19. Hebestreit, L. (2008). The role of the University of the Third Age in meeting the needs of adult learners in Victoria, Australia. Australian Journal of Adult Learning, 48(3), 547–565.Google Scholar
  20. Hodkinson, P., Ford, G., Hodkinson, H., & Hawthorn, R. (2008). Learning as a retirement process. Educational Gerontology, 34(3), 167–184.CrossRefGoogle Scholar
  21. Lister, R. (2003) Investing in the citizen-workers of the future: Transformations in citizenship and the state under New Labour, Social Policy and Administration, 37(5), 427–443.CrossRefGoogle Scholar
  22. Livingstone, D.W., & Raykov, M. (2013). Adult learning trends in Canada: Basic findings of the WALL 1998, 2004 and 2010 Surveys. Toronto, Canada: University of Toronto.Google Scholar
  23. McNair, S. (2009). Older people’s learning: An action plan. Leicester: NIACE.Google Scholar
  24. McNair, S. (2012). Older people’s learning in 2012: A survey. Leicester: NIACEGoogle Scholar
  25. Mercken, C. (2010). Education in an ageing society. Baarn, The Netherlands: Odyssee.Google Scholar
  26. Midwinter, E. (1996). U3A thriving people. The Third Age Trust: London.Google Scholar
  27. Morris, D. (1984). Universities of the Third Age. Adult Education, 57(2), 135–139.Google Scholar
  28. National Office of Statistics. (2009). Demographic review 2008. Malta: National Statistics Office.Google Scholar
  29. National Seniors Australia. (2010). Later life learning: Unlocking the potential for productive ageing. Canberra: National Seniors Australia Productive Ageing Centre.Google Scholar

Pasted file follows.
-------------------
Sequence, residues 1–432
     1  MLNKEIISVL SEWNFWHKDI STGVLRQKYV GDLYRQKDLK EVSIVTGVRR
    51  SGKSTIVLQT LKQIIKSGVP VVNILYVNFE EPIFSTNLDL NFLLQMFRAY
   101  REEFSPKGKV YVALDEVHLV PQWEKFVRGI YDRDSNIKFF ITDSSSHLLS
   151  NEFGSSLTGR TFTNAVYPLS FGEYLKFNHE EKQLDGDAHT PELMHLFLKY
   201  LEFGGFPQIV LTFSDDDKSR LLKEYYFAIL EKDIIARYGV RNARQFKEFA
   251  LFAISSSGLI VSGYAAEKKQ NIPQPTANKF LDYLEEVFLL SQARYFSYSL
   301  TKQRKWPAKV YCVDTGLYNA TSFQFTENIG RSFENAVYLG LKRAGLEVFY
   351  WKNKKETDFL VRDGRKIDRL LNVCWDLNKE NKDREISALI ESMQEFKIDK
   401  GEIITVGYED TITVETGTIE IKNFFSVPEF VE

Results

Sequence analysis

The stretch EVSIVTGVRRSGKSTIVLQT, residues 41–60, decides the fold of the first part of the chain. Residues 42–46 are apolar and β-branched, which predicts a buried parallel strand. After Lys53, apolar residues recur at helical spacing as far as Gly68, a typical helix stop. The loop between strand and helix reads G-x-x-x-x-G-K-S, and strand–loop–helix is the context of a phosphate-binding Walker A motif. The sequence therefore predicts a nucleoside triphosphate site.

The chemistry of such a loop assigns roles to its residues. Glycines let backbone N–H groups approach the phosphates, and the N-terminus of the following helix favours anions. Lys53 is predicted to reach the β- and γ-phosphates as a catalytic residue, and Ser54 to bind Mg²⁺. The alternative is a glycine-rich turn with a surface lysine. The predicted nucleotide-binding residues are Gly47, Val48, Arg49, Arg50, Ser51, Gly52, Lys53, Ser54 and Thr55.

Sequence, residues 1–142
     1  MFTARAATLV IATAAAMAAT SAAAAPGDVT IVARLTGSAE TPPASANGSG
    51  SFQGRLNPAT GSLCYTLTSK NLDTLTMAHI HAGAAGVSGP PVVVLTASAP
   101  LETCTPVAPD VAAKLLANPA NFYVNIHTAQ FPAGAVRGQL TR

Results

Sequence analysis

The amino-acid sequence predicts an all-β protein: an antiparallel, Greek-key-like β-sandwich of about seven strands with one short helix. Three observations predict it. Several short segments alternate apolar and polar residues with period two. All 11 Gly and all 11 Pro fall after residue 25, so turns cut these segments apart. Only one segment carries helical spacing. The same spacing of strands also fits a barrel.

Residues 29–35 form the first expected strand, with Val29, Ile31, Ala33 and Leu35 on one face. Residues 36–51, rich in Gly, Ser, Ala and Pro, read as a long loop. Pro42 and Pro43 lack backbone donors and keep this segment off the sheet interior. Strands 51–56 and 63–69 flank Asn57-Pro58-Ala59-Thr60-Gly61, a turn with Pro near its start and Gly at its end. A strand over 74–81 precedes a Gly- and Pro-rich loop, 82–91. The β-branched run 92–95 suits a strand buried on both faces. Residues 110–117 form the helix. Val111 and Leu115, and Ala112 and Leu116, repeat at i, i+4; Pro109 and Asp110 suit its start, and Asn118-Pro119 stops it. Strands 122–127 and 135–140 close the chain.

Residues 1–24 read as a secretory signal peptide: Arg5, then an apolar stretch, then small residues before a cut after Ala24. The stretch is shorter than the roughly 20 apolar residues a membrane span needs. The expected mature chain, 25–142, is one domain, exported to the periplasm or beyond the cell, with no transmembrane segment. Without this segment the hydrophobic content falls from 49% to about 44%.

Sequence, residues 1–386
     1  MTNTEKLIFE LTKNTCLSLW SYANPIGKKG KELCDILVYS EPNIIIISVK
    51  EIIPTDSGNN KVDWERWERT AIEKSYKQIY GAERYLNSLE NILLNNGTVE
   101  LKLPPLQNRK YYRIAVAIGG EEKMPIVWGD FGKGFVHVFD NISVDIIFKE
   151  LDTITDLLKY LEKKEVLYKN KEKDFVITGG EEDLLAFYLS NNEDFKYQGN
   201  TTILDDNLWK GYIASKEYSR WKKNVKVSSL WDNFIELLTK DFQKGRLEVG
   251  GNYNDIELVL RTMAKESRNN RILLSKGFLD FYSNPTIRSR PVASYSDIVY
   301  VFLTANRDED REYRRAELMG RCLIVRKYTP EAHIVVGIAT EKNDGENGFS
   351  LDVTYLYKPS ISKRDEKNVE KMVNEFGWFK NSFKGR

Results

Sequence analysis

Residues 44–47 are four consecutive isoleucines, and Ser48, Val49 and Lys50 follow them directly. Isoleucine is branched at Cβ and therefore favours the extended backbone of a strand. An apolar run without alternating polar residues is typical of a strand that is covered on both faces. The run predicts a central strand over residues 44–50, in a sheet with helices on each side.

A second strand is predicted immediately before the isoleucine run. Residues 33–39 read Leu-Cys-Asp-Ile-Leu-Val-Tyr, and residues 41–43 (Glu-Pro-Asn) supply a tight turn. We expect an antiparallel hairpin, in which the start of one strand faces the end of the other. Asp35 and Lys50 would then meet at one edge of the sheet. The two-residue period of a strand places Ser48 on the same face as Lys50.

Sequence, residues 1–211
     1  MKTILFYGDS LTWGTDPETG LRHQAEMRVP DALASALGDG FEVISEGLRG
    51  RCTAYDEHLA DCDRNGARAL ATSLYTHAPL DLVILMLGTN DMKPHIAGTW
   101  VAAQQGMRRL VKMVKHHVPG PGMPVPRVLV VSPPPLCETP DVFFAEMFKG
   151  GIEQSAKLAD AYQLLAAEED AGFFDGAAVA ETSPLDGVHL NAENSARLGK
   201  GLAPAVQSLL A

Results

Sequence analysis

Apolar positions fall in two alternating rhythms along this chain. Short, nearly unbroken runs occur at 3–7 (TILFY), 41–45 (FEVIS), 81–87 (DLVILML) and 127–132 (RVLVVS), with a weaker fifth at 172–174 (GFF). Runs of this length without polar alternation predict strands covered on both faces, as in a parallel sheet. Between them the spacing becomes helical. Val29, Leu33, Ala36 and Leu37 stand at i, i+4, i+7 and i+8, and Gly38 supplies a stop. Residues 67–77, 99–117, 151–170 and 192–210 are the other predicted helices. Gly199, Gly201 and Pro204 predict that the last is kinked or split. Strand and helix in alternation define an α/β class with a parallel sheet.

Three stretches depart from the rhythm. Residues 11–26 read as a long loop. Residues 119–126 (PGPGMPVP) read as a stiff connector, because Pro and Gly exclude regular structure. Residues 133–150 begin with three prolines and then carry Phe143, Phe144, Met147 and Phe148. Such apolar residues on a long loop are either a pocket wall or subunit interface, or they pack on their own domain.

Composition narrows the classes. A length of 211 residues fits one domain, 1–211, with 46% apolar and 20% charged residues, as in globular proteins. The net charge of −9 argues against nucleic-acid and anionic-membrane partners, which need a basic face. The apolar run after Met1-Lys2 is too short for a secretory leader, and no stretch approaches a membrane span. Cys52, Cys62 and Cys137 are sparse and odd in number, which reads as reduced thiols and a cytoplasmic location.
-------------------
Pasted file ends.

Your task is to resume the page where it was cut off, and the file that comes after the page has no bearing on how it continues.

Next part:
30. Parliamentary Secretariat for Rights of Persons with Disability and Active Ageing. (2013). National strategic policy for active ageing. Malta: Parliamentary Secretariat for Rights of Persons with Disability and Active Ageing.Google Scholar
  31. Percy, K., & Frank, F. (2011). Senior learners and the university: Aims, learning and ‘research’ in the third age. In S. Jackson (Ed.), Innovations in lifelong learning: Critical perspectives on diversity, participation, and vocational learning (pp. 126–141). New York: Routledge.Google Scholar
  32. Phillipson, C., & Ogg, J. (2010). Active ageing and universities: Engaging older learners. London: Universities UK.Google Scholar
  33. Russell, H. (2008). Later life: A time to learn. Educational Gerontology, 34(3), 206–224.CrossRefGoogle Scholar
  34. Rodrigues, R., Huber, M., & Lamura, G. (Eds.). (2012). Facts and figures on healthy and ageing a long-term care: Europe and North America. Vienna, Austria: European Centre for Social Welfare Policy and Research.Google Scholar
  35. Schuller, T. (2010). Learning through life: The implications for learning in later life of the NIACE Inquiry. International Journal of Education and Ageing, 1(1), 41–51.Google Scholar
  36. United Nations. (2002). Madrid International Plan of Action on Ageing. Accessed 5/2/14 from
  37. Withnall, A. (2008). Lifelong learning and older persons: Choices and experiences. Teaching and Learning Research Briefing, 58, 1–4.Google Scholar
  38. Withnall, A. (2010). Improving learning in later life. London: Routledge.Google Scholar
  39. Workers Educational Association Northern Ireland and Age Northern Ireland. (2011) Stories of our age. Accessed 20/9/11 from:
  40. Wrosch, C., & Schulz, R. (2008). Health-engagement control strategies and 2-year changes in older adults’ physical health. Psychological Science, 19(6), 537–541.CrossRefGoogle Scholar

Copyright information

© Sense Publishers 2014

Authors and Affiliations

  • Marvin Formosa
    • 1
  1. 1.Gerontology Unit, Faculty for Social WellbeingUniversity of MaltaMalta

Personalised recommendations